As the article notes, there may be times when a writer may do something intentionally for effect.

pgurney
pgurney

It looks like the default setting in Word 2007 is to turn the tracking of inconsistencies off. Probably why some of us haven't seen this wavy blue line.

AlexTech08
AlexTech08

That, or you never have to change your formatting. I do a lot of work with templates in Word, so most of my page is wavy blue lines because of the formatting codes my program embeds; and when I did documentation work, I often had to change formatting to differentiate user input from machine output and to differentiate both of those from the regular text (much like you see in computer manuals). Never thought much about turning it off, since it wasn't all >that< annoying to me - but it certainly makes my coding easier to read. Helpful tip!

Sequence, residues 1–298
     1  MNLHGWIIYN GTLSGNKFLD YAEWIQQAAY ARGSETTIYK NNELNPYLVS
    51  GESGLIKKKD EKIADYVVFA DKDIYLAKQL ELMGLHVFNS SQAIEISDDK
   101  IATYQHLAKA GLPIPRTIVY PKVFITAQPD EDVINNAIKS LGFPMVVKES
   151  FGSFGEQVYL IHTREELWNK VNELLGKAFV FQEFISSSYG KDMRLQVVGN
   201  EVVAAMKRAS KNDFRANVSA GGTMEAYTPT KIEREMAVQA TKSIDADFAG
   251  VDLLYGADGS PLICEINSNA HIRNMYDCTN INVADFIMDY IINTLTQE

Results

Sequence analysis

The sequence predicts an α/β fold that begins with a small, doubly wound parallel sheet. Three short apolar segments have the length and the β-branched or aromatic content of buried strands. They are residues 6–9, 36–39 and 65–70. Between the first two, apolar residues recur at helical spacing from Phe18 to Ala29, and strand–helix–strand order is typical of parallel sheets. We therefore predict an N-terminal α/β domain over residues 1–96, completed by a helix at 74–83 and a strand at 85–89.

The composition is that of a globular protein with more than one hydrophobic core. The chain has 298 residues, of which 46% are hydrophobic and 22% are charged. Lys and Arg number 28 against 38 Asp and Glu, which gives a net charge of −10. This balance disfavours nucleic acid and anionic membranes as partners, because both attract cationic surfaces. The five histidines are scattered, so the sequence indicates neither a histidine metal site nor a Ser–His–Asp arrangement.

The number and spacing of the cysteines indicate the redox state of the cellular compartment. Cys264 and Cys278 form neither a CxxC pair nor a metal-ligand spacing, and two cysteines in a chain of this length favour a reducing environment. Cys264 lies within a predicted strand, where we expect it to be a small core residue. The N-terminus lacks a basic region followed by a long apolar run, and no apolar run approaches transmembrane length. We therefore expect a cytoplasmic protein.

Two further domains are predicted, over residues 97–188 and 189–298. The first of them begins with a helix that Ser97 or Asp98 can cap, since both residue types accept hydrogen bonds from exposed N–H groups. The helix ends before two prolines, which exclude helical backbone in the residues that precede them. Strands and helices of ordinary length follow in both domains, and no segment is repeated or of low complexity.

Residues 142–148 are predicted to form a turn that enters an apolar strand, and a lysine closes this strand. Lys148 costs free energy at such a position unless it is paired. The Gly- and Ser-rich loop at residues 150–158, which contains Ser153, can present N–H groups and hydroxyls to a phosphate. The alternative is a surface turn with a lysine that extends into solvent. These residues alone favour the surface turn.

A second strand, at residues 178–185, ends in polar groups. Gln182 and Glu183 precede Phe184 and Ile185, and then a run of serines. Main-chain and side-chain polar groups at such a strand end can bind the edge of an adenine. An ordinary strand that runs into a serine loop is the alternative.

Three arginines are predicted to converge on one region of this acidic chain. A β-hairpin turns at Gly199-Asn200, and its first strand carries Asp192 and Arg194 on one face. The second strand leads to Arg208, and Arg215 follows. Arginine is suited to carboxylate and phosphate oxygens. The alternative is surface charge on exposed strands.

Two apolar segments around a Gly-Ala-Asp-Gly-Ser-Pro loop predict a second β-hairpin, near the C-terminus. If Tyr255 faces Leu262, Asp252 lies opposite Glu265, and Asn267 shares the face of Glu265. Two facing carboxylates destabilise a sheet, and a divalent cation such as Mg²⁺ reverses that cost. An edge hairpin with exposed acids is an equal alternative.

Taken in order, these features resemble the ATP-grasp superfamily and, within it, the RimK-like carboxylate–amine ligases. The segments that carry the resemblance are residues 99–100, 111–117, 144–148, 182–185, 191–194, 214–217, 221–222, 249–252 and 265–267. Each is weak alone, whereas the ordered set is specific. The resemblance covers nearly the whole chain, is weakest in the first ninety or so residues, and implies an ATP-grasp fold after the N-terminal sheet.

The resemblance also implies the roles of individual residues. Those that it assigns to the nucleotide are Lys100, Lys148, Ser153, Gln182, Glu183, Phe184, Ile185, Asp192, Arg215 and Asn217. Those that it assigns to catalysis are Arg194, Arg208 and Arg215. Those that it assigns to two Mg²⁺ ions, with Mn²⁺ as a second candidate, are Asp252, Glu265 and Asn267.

CharlieSpencer
CharlieSpencer

I don't think I format my writing well as much as I don't change the format. I do everything in 12 pt Arial. I'm not a technical writer; my audience is usually just me, and I don't need to format different sections in different ways. It's a good hint for those that do need to do those things.

rykerabel
rykerabel

Or you could just install ieSpell for Internet Explorer.

bulk
bulk

I also produce a lot of documentation, including code fragments and command lines. The trick is to define and apply a style (I use "Code", which defines a monspaced font and turns off spell and grammer checking etc). Then an absence of blue lines indicates you have a consistently-formatted document. Word is easy to use badly but takes some effort to use well. Incidentally, I noticed that when I switch on "Track formatting" and "Mark inconsistencies" in beta Office 2010, wavy blue lines appear in almost every received email - most annoying - so I've had to disable it for everyday use and only re-enable for a serious bout of documenting. Richard